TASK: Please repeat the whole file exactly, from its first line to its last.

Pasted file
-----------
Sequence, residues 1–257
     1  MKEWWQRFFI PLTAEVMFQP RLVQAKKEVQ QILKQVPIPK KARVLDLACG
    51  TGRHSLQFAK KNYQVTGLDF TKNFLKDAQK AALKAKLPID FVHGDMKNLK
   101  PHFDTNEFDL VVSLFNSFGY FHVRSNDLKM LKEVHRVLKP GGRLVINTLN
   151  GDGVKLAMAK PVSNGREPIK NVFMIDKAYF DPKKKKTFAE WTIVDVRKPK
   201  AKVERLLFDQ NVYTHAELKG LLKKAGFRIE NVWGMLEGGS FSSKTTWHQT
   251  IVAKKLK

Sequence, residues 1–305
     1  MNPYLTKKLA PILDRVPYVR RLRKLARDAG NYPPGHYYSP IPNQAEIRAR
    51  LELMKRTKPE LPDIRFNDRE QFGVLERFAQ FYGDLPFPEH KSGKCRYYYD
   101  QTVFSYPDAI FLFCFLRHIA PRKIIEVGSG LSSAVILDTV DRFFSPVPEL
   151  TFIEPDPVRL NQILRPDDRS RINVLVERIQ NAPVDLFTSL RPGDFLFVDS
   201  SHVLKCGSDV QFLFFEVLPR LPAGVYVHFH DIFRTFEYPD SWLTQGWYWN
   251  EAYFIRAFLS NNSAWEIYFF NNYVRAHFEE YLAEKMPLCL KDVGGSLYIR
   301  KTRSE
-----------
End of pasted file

Sequence, residues 1–257
     1  MKEWWQRFFI PLTAEVMFQP RLVQAKKEVQ QILKQVPIPK KARVLDLACG
    51  TGRHSLQFAK KNYQVTGLDF TKNFLKDAQK AALKAKLPID FVHGDMKNLK
   101  PHFDTNEFDL VVSLFNSFGY FHVRSNDLKM LKEVHRVLKP GGRLVINTLN
   151  GDGVKLAMAK PVSNGREPIK NVFMIDKAYF DPKKKKTFAE WTIVDVRKPK
   201  AKVERLLFDQ NVYTHAELKG LLKKAGFRIE NVWGMLEGGS FSSKTTWHQT
   251  IVAKKLK

Sequence, residues 1–305
     1  MNPYLTKKLA PILDRVPYVR RLRKLARDAG NYPPGHYYSP IPNQAEIRAR
    51  LELMKRTKPE LPDIRFNDRE QFGVLERFAQ FYGDLPFPEH KSGKCRYYYD
   101  QTVFSYPDAI FLFCFLRHIA PRKIIEVGSG LSSAVILDTV DRFFSPVPEL
   151  TFIEPDPVRL NQILRPDDRS RINVLVERIQ NAPVDLFTSL RPGDFLFVDS
   201  SHVLKCGSDV QFLFFEVLPR LPAGVYVHFH DIFRTFEYPD SWLTQGWYWN
   251  EAYFIRAFLS NNSAWEIYFF NNYVRAHFEE YLAEKMPLCL KDVGGSLYIR
   301  KTRSE